If you have lived in East Texas as long as I have, you have had hundreds of thousands, if not millions, of so-called "love bugs" die on your car or truck while depositing their remains on your vehicle. Tiny spots of black punctuated with gooey bug guts pepper the front end of every vehicle which makes its way down the highway in these parts.
I have been driving quite a bit lately. My car is covered with their amorous carcasses. They seem to love flying united from one to five feet above every major and minor highway in the state. Research reveals this insect we call "the love bug" is known more properly as Plecia nearctica. It mates in spring and later summer, and it is during those mating seasons they become our driving nightmare.
A little research reveals that the problem lies in their body chemistry. While their body chemistry is fairly normal in its acidity, the removal of their remains from one's vehicle is imperative within twenty four hours, unless one is willing to deal with the super glue like transformation of the splattered remains. Because the acidity varies in time, the impact on the vehicle changes. The bug guts become more difficult to remove as time passes.
I have a theory that super glue was produced by someone who thought to reverse engineer the sticking quality of love bug innards. That stuff is almost impossible to remove once it hardens. It's been known to pit paint jobs. I have a bug scrubber I use, along with copious amounts of Windex, but it's still a mess getting it cleaned up.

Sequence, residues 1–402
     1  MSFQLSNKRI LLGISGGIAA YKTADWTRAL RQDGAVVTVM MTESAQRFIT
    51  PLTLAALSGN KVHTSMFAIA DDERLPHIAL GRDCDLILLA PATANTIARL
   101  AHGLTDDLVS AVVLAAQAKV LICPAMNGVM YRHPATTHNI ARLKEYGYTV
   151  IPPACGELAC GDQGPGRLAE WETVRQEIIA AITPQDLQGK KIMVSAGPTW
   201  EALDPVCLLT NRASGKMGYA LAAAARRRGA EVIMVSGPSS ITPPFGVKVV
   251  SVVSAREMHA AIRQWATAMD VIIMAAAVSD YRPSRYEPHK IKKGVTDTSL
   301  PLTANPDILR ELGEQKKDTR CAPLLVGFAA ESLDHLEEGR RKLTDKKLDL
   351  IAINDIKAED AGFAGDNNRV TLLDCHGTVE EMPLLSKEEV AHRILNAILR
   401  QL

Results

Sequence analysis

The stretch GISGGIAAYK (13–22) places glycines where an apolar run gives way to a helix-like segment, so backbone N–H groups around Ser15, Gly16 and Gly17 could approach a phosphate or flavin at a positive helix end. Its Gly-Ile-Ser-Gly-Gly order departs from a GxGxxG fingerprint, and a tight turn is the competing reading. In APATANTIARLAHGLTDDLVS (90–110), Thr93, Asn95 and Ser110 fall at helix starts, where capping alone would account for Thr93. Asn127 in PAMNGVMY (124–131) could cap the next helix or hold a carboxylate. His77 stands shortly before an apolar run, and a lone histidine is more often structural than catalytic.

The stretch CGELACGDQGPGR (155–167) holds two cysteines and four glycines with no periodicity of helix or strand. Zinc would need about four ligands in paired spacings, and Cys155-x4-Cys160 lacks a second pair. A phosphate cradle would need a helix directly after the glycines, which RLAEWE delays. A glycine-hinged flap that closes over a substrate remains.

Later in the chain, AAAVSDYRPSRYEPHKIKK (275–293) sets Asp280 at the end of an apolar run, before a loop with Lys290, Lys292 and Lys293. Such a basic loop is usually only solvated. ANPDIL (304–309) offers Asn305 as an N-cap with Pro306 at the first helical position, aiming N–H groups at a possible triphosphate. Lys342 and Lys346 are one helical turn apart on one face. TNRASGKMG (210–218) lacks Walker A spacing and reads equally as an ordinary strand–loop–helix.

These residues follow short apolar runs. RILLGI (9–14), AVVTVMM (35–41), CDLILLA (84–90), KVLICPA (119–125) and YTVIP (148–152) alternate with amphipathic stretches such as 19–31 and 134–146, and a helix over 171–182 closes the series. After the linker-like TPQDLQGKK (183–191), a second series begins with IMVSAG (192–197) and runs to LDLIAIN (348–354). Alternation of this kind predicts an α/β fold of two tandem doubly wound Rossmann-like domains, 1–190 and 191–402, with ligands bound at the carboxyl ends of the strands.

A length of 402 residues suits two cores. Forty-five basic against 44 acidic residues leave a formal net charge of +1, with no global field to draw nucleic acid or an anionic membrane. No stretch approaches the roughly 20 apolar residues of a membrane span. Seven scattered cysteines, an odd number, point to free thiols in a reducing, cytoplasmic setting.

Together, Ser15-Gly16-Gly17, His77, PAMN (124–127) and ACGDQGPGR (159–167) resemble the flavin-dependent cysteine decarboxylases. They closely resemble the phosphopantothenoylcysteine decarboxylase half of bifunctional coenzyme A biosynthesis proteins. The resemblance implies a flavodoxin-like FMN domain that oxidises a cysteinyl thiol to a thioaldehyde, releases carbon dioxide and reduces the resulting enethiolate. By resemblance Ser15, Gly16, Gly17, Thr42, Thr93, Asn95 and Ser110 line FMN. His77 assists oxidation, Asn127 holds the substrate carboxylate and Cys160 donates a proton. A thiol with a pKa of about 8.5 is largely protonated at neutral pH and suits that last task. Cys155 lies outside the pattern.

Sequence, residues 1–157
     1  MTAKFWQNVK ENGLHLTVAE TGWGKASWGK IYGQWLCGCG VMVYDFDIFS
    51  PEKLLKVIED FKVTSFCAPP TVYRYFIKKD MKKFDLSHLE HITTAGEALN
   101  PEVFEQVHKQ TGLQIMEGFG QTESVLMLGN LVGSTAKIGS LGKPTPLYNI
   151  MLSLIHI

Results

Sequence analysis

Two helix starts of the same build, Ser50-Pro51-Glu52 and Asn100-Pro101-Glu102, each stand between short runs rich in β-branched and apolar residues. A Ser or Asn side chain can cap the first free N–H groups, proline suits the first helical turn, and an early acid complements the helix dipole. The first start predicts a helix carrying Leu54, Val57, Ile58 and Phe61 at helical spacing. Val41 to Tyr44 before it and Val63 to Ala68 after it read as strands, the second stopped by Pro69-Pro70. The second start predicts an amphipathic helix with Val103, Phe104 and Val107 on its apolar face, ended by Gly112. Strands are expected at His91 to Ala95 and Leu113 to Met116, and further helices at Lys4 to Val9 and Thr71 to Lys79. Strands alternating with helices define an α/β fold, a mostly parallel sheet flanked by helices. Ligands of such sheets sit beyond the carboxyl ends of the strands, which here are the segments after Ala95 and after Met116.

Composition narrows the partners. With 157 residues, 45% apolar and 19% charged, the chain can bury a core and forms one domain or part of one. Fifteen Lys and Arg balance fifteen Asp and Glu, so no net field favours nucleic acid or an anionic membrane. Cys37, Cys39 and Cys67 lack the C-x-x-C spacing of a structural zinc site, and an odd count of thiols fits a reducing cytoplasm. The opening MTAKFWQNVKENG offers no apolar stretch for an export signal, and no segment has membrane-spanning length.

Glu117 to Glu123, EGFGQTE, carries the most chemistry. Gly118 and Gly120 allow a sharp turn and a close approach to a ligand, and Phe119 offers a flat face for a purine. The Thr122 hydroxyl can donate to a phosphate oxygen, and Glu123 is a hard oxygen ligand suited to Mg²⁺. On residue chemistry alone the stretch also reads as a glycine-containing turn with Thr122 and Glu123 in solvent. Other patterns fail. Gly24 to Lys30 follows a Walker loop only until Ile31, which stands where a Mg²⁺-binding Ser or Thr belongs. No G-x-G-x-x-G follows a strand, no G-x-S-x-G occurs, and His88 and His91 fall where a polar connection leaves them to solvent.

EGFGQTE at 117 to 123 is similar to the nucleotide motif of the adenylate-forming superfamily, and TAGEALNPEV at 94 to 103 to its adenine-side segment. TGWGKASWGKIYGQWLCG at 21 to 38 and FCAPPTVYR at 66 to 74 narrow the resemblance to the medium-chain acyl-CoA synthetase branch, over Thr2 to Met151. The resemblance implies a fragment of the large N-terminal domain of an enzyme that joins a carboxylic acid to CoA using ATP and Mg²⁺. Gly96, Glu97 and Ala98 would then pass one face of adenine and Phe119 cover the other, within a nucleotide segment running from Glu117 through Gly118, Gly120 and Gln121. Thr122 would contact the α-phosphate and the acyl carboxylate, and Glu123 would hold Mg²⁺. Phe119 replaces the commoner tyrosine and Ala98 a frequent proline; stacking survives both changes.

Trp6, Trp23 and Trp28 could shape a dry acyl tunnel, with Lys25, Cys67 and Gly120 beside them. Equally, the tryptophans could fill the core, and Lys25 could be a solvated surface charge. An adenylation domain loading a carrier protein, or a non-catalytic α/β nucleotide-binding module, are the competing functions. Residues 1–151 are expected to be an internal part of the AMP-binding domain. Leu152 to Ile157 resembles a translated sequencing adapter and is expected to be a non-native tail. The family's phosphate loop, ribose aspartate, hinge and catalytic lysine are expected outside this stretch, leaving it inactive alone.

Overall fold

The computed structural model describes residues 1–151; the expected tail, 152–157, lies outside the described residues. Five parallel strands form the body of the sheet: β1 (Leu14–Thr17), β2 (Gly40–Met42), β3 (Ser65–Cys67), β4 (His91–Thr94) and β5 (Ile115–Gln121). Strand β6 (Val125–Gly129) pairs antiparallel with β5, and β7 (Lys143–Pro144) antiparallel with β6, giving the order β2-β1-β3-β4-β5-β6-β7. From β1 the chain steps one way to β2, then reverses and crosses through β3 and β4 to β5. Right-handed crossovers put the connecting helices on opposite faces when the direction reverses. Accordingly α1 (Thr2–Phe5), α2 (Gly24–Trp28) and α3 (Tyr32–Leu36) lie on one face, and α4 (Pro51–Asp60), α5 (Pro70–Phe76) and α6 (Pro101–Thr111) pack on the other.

It appears they are attracted to light colors, automotive exhaust fumes, and perhaps the effects of sunlight bouncing off vehicles. They may be attracted to freshly painted items, although that would not appear to be a factor for the assault they make on our vehicles every time we drive the roads here for several weeks a year.
They attach to one another in mating pairs, rear end to rear end, making what appears to be one bug with orange eyes on both ends, connected in the middle. We see them crawling or flying about, but find them relatively unobtrusive until they get airborne above our driving arteries. Two at a time, they kamikaze our windshield, slowly covering it with their black and off white deposits.
Plecia nearctica does not bite. It does not sting. We would probably be blissfully ignorant of the love bug if it did not pester us so thoroughly when we drive. There seem to be only two reasonable solutions. Either do not drive, or if driving, clean the car’s exterior of the love bug remains within hours of their accumulation.
I have to admit that I never knew it was critical to get the little buggers off the car with all due haste. Had I known that sooner, I would have practiced it sooner. The things I learn writing about them.
© 2012, Jim “Pappy” Moore,
All Rights Reserved.
Jim “Pappy” Moore is a native son of East Texas who still makes the piney woods his home. firstname.lastname@example.org